program given below. This program just adds two numbers and displays the sum on 
the screen. You should show the lab instructor that the program compiled successfully 
and runs. You should print out the .LST file and make a notes on it indicating what the 
underlying Pentium processor is actually doing as the program runs. In other words, 
what registers are being used to hold the variables and what assembly language 
instructions are being used to add them.

Part 2

Write a C language program that will display your name on the DOS Window screen when 
it is compiled and run. Be sure to save the source code as a file having a .c extension. 
(In other words, if, for example, you're working from Notepad and you want your program 
to be saved under the file name p2.c, be sure when you use "File | Save As" that you 
type the file name inside quotes ("p2.c") in the "File name:" combo box that appears in 
the "Save As" dialog box.

Part 3

Write a C language program that prompts the user to enter two decimal integers and 
then compute and displays on the screen the sum and the difference between the two 
numbers. (You will need to use the C Standard I/O function scanf(...) in this 

Part 4

Write a C language program that will do the same thing that the assembly language 
program you wrote in Part 2 of last week's lab did. The program should prompt the 
user to enter the values of a, b, c, and x; then it should perform the computation; 
finally it should display the result, the value of y, on the screen.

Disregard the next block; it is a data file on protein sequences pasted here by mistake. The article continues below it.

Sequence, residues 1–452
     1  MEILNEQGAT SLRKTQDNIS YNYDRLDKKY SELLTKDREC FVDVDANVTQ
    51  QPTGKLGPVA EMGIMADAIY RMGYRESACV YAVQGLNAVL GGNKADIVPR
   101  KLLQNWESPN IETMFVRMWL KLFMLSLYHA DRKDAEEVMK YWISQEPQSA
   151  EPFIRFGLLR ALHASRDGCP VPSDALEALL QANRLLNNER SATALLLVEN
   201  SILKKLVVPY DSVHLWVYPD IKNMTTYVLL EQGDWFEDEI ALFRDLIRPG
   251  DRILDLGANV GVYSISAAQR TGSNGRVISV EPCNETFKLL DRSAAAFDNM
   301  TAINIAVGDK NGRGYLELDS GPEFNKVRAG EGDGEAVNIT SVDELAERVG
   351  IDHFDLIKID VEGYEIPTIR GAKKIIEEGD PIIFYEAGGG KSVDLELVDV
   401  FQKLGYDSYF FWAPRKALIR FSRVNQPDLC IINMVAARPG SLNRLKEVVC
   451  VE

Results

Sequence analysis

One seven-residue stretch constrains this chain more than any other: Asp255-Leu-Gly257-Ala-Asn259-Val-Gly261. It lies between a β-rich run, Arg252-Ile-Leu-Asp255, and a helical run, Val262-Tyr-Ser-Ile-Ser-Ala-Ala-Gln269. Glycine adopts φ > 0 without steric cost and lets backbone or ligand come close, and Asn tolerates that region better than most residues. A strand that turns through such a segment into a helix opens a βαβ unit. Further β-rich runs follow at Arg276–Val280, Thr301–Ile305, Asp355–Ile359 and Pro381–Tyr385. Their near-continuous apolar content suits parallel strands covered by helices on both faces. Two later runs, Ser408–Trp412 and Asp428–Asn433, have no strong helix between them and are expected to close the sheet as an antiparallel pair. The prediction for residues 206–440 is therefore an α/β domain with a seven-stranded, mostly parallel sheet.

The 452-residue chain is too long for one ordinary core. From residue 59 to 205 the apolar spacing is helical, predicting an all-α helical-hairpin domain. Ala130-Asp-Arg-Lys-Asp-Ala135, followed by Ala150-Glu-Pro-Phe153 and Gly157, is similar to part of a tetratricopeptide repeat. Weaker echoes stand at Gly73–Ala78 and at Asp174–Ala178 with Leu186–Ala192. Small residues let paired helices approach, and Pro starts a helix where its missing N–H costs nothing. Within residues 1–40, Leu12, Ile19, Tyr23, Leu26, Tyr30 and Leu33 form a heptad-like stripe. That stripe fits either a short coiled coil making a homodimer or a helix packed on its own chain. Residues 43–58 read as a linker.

Part 5

Write a C language program that will do the same things as the assembly language 
program from Part 3 of last week's lab did. Once again the program should prompt the 
user for an intensity value (I1) and then extract and display the corresponding R1, 
G1, and B1 vlaues. Then it should prompt the user for red, green and blue values (R2, 
G2, B2) and compute and display the corresponding Intensity (I2) value. All values 
should be expressed in decimal. (Hint: use char (8-bit) variables to hold R, G, B 
values and int variables to hold Intensity values. You may have to use C language 
Boolean AND (&) and Boolean OR (|) as well as left-shift (<<) and right-shift (>>) 
operators. Also, if at any point you are attempting to assign part of an int variable 
to a byte-size char variable, you will need to use type casting. For example 
R = (char)I * 2;)

Lab Report

You should submit printed copies of the .LST files from all parts of this lab with 
comments written on them that explain what is happening at the machine/assembly 
language level as these programs run. You should also submit a diskette or a CD-ROM 
containing all the files created by you (and your editor program) and by the compiler 
in this lab; in particular, the .EXE files so the Lab Instructor can run them to 
determine whether they execute correctly.


/*** addsimp.c - Adds 5 and 3    ***/
/*** and displays the sum        ***/
/*** Programmer: R Eckert        ***/
/*** CS220, Section 50, 2-18-06  ***/

#include <stdio.h>

int main()
   int a=5;          /* the variables */
   int b=3;
   int c;
   c = a + b;        /* compute the sum */
   printf ("%d", c); /* display the sum */
   return (0);